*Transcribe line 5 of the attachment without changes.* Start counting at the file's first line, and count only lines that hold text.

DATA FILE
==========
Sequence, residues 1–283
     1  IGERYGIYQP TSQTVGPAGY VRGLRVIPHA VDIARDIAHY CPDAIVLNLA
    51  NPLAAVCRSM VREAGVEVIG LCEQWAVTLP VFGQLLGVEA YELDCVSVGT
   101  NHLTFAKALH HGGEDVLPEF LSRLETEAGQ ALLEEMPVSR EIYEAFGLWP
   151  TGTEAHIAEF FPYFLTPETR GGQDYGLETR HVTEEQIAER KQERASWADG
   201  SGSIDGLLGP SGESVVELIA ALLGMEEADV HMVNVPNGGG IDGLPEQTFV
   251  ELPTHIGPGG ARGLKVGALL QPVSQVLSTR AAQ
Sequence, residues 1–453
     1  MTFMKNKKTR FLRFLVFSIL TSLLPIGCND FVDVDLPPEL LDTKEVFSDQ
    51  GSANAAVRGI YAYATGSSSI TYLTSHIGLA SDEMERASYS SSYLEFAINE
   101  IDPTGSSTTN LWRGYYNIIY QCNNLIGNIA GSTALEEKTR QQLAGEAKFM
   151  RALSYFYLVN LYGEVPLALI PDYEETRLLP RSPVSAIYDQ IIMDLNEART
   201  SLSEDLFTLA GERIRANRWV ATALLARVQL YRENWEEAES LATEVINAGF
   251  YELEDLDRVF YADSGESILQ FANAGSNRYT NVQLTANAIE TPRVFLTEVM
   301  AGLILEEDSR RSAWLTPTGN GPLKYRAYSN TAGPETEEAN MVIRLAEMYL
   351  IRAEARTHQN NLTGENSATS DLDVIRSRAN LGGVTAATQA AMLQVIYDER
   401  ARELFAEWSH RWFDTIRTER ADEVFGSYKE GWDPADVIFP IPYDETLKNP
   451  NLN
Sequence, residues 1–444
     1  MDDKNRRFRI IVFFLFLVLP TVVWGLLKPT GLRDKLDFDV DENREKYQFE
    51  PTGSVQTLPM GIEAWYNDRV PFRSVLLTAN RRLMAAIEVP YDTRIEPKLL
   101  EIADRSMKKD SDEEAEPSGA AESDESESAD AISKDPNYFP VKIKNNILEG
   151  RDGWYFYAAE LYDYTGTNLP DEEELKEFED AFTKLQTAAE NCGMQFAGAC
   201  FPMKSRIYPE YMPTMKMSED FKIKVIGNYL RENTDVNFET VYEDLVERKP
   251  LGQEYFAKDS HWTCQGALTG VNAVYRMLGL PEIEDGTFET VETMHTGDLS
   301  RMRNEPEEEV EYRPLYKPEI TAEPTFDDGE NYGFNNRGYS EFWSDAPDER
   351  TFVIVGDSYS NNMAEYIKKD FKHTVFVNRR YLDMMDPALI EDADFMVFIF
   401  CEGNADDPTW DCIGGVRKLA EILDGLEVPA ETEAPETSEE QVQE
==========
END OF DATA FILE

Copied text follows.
   151  TGTEAHIAEF FPYFLTPETR GGQDYGLETR HVTEEQIAER KQERASWADG